you describe (which is little short of tragic), as I recall the letter
Clarence wrote begging me to try and prevent, by fair means or foul, his
sister's marriage to old Mr. Volney.

That was two years before you and Clarence were married.

Elise, we all know, wedded for the money and position Mr. Volney gave,
in return for her young beauty.

Clarence and you were ideal lovers, seeing nothing in the world outside
of your own selves.

Yet Elise is quite contented, and Mr. Volney uses what little brain he
has left to exult over his possession of such a beautiful young wife.

Elise upholds his dignity and flatters him into a belief that he is a
great philanthropist and a social power, and in this way she has the
handling of his millions, which is her idea of happiness. She travels,
entertains, and poses for photographs and paintings in imported gowns,
and there is no rumour of discontent or divorce.

Meanwhile, Clarence, who was so opposed to her marriage because it was
loveless, is making a mess of his own love-match, through his jealousy.

You, who knew him to be insanely jealous as a lover, and who seemed to
be flattered with what you thought a proof of his devotion, appeal to me
now to know what to do with the husband who is destroying your love and
your happiness! Surely, if Elise knew of this she might well say, "He
laughs best who laughs last."

I know that you were absorbed in Clarence for the first year of your
married life, and that you gave no least cause for any jealousy, and I
know, as you say, that even then he was often morbid and unhappy over
nothing at all.

He was jealous even of girl friends and relatives, and if you attended a
matinee with one of them, he sulked the whole evening.

This was little more than he did as a lover, and you should have begun
in those days to reason him out of such moods.

You imagined then it was his mad love for you which caused his
unreasonable jealousy.

But jealousy is self-love, and selfishness lies at the root of such
conditions of mind as his.

A woman should say to a man who sulks or goes into tantrums when she
pays courteous attentions to relatives or acquaintances, "You are
lowering my ideal of you--I cannot love a man who will indulge such
unworthy moods. You insult my womanhood and doubt my principles by your
suspicions; you intimate that I have neither truth, or judgment, or
pride. You must conquer yourself, and learn to trust me and to believe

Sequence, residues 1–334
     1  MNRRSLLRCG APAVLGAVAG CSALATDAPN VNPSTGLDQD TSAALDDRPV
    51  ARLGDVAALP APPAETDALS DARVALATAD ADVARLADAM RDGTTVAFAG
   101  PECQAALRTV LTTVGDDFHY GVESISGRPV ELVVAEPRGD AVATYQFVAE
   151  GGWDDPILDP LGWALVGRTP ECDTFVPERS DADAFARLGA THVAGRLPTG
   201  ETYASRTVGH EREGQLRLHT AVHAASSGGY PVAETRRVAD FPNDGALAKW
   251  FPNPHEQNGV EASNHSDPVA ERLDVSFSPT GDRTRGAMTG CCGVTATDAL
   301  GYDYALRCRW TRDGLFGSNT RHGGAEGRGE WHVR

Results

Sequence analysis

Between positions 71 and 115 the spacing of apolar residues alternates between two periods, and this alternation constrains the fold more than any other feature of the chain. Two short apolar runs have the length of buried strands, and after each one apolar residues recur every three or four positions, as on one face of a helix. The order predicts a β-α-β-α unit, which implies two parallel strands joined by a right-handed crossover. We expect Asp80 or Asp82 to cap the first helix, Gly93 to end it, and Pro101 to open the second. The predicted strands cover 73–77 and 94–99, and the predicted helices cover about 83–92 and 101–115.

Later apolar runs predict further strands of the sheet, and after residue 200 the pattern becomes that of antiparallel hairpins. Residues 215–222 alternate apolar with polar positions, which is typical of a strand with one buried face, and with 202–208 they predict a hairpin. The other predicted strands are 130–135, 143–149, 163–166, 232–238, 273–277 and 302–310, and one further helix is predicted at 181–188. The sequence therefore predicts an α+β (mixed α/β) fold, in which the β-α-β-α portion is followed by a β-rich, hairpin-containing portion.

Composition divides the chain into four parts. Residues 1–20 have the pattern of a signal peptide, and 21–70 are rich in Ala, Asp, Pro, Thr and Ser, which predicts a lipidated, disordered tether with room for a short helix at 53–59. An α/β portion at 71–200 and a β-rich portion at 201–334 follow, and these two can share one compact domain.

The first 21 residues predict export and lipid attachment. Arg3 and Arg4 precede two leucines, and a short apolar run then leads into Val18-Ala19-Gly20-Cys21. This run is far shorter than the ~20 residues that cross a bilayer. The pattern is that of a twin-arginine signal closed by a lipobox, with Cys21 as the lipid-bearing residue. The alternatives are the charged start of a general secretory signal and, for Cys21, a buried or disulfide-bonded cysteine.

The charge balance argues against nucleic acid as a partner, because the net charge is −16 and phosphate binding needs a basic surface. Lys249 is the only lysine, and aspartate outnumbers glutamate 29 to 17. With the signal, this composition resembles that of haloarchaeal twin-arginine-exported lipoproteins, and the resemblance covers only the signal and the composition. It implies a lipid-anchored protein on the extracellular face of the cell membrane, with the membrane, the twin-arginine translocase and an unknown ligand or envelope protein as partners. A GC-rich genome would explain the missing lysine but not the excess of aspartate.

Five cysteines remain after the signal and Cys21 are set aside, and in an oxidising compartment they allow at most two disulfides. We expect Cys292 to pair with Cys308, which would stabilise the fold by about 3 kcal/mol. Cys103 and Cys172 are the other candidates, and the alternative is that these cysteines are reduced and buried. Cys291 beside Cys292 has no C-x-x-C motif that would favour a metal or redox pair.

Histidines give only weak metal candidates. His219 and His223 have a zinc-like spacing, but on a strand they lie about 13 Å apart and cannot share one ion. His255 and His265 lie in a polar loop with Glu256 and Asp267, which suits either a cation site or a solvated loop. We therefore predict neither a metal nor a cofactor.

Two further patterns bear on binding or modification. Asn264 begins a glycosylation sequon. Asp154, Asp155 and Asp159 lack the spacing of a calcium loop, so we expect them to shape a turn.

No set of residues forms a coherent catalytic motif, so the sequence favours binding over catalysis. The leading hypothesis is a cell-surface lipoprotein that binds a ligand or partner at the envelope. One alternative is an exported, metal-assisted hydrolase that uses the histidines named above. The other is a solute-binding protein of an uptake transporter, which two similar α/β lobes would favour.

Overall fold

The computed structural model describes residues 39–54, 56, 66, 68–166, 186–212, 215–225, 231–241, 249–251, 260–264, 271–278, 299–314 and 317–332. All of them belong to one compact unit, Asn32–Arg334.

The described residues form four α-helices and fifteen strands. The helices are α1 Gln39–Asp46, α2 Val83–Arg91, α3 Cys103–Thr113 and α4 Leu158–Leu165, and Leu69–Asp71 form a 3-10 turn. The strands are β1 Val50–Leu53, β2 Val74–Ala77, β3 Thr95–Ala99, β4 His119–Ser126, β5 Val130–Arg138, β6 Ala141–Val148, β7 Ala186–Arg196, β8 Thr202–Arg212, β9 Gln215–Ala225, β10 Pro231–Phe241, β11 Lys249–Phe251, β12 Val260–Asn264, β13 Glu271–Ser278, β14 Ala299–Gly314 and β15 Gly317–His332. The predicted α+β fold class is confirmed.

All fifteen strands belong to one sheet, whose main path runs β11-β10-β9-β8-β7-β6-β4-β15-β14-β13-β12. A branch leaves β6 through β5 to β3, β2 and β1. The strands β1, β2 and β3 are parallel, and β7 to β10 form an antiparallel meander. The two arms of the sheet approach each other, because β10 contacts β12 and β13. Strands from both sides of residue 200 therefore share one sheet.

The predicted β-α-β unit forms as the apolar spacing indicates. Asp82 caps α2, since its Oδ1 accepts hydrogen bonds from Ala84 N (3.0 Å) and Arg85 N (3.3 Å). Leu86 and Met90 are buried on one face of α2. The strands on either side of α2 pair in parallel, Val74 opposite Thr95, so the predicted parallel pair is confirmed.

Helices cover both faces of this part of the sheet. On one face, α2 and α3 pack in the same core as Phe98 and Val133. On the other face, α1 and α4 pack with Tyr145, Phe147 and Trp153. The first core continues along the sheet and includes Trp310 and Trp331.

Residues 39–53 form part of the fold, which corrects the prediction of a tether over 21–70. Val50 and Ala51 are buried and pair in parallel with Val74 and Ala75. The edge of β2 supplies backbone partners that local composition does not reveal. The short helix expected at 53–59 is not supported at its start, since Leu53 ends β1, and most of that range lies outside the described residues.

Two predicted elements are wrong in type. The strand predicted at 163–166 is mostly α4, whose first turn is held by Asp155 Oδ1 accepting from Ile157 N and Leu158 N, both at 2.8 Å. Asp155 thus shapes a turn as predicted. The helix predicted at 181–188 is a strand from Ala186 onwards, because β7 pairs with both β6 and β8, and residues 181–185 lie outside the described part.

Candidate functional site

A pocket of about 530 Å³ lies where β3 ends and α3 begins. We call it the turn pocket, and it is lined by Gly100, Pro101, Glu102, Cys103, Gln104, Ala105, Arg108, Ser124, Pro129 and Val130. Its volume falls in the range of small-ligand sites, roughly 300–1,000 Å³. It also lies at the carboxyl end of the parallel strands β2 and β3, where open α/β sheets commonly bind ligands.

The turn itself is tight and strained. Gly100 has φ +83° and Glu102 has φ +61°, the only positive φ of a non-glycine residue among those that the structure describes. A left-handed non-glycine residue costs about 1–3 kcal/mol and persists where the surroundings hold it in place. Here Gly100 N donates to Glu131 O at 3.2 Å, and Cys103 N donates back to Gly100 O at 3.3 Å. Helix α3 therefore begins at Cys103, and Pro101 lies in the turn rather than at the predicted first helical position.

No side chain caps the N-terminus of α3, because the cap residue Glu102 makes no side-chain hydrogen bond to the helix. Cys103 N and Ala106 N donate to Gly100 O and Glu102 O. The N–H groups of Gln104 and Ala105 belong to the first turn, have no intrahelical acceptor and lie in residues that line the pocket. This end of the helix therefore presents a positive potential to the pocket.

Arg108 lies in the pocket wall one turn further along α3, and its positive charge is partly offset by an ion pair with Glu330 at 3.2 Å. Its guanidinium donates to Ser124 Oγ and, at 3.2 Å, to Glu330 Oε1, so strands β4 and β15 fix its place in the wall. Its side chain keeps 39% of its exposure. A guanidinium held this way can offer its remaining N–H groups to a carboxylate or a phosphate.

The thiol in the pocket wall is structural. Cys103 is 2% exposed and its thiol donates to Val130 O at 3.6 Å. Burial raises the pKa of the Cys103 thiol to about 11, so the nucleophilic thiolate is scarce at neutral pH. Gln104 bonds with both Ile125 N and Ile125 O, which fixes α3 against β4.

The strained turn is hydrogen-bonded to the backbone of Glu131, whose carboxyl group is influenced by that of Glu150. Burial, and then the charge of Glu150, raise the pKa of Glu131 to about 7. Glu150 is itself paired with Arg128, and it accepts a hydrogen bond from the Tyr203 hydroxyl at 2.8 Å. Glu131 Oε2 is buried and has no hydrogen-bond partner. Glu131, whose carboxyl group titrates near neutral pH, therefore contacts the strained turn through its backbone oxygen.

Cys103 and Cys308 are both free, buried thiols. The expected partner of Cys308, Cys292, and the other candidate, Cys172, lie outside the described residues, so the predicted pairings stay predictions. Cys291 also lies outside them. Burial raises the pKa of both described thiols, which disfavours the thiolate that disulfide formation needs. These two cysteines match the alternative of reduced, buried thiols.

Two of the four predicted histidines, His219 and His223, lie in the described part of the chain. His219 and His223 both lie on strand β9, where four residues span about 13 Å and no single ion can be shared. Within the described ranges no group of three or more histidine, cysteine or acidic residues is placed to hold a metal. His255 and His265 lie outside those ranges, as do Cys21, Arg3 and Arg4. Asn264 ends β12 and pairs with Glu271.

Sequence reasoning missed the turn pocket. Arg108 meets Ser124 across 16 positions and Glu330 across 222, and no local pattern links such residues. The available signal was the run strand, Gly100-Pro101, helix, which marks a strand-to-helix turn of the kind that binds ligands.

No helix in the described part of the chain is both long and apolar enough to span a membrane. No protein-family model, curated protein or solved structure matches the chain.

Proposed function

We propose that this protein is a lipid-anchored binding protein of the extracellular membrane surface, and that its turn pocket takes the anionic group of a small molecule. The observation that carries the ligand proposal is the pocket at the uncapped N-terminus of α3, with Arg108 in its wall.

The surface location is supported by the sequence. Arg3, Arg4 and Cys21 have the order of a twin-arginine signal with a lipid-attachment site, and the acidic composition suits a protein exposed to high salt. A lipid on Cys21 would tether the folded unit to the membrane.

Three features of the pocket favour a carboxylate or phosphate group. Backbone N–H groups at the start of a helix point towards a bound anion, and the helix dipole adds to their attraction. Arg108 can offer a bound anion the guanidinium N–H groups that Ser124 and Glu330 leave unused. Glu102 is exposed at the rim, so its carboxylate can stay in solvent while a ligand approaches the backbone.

in me, or I must decide I am no woman for you to take as a life
companion." A man should take the same course toward a jealous
sweetheart or wife.

A few quiet but firm assertions of this nature, when you were being
wooed, would have given Clarence an idea that he could lose you, and
that he was making himself ridiculous in your eyes. Instead, you boasted
to your friends how wildly infatuated he was, and Clarence took new
pride in his own blemish of character.

Now that you have to live day, and night, and week, and month, and year,
with this trait, it seems a less romantic phase of devotion, I fancy.
But you are not wise to grow reckless and ignore the wishes of your
husband in all ways, because he is unreasonable. "Since he is so
absolutely impossible to please," you say, "I may as well please myself.
I have decided to take some of the liberties so many of my acquaintances
do, and enjoy life outside my home if I cannot enjoy it within."

Then you proceed to tell me how more than half your associates drive,
lunch, and dine with men acquaintances, and how old-fashioned they
consider your scruples. And you tell me that, despite your rectitude,
Clarence insults you almost daily by his unreasoning jealousy of men,
women, and even children.

"I have about made up my mind to be less prudish and enjoy myself, as I
am sure Clarence cannot be any more jealous than he is," you say.

Now since you have asked my advice in the matter, I can only urge you to
reconsider this last determination.

So long as you are, according to law and in the eyes of the world, the
wife of a man, you cannot escape comment if you are frequently seen in
public places alone with another.

Were you to look into the hearts of other men who ask you to dine,
drive, or lunch alone with them, you would find a feeling of increased
respect when you decline, although they may show only disappointment on
the surface. I know that many wives of unblemished reputation accept
courtesies of this kind from masculine friends, and I of course
understand that circumstances may arise which make an occasional
acceptance proper.

But the fewer such occasions, the better and the safer for the married
woman. The man who is perfectly willing his wife should appear
frequently in public with other men does not fully appreciate the
dignity of her position or his own, or else he has lost his love for

The fact that your husband is jealous without reason is no excuse for
giving him reason. The moment men know that a husband is inclined to
jealousy, he falls in their estimation, and they are seized with a
desire to aggravate him, while they sympathize with the wife.

The sympathetic friend of the abused wife is a dangerous companion for
her. He may mean to be platonic and kind, but almost invariably he
becomes sentimental and unsafe.